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Microsoft Corp. filed Jan. 10 a motion with the Trademark Trial and Appeal Board opposing Apple Inc.'s attempt to register the term “App Store” for Apple's online store where users can download applications for use on an iPod, iPad, or iPhone (Microsoft Corp. v. Apple Inc., T.T.A.B., Opp. No. 91195582, motion for summary judgment filed 1/10/11).
Apple filed an application (77/525433) in July 2008 to register the term as a trademark in three classes--Class 35 for online retail stores; Class 38 for network transmissions and access; and Class 42 for maintenance of computer software. It was published for opposition in the Patent and Trademark Office's Official Gazette on Jan. 5, 2010.
Microsoft filed its notice of opposition July 6. Apple answered Aug. 16. According to Apple, the App Store mark, “as a result of the hundreds of thousands of programs offered on Apple's APP STORE service, the millions of users that have accessed the service, and the billions of downloads obtained by such users through the service, has become one of the most famous marks in the field of online computer software and information services.”
Microsoft moved for summary judgment in its opposition action on the grounds that “app store” is generic for retail store services offering software applications, as well as for searching and downloading such applications. “App” is a generic name for software applications; “store” is a generic name for retail store services; and the combination of a generic name of a product with the generic descriptor “store,” the opposer argued, is generic and unregistrable under such precedent as In re Computer Store, 211 USPQ 72 (T.T.A.B. 1981).
The company cited for support of its position the common usage of the term in the trade and press, “even by Apple's founder and CEO Steve Jobs,” when he was referring in an interview to Google's and others' online application offerings.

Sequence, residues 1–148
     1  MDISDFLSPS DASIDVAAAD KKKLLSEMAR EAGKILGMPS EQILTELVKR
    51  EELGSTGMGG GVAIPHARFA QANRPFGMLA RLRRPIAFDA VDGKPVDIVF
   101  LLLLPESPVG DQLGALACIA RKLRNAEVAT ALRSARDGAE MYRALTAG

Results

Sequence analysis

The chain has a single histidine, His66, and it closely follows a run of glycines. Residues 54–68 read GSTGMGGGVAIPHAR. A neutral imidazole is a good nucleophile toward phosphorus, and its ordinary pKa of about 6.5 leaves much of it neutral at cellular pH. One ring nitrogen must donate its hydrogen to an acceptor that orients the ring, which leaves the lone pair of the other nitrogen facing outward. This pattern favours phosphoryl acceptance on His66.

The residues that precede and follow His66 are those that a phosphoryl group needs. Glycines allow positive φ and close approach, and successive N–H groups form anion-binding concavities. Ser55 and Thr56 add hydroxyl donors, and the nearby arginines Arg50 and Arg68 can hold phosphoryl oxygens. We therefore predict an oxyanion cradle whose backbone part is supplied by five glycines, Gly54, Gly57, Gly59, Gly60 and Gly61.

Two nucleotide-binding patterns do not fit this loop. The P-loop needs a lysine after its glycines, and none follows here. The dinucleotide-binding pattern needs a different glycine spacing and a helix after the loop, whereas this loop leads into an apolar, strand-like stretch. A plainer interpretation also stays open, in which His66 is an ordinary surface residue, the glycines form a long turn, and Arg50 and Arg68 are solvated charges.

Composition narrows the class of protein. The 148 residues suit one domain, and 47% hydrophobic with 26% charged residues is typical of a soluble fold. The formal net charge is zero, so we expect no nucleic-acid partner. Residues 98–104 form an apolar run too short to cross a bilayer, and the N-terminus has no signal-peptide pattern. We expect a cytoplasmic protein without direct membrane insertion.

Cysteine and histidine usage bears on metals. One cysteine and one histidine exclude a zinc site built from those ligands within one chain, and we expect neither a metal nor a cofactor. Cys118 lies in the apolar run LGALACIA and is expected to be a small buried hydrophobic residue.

According to the motion, several other retailers have used the term “app store” as part of their online service name, and Apple has sent demand letters to those companies asserting infringement. Microsoft would also like to use the term for sales of its own applications, the motion declared.
Microsoft specifically identified five well known mobile device vendors--Google, RIM/BlackBerry, Nokia, Hewlett-Packard/Palm, and Samsung--with online stores that the press has referred to as “app stores” but which go by other names because they are “apparently in the same position as Microsoft--…pending a ruling in this Opposition they cannot use 'App Store' in their store names or descriptors without the possibility of claims from Apple.”
Jason Vogel of Kilpatrick Stockton, New York, represents Apple. Microsoft is represented by William O. Ferron Jr. of the Seed IP Law Group, Seattle.
By Tony Dutra
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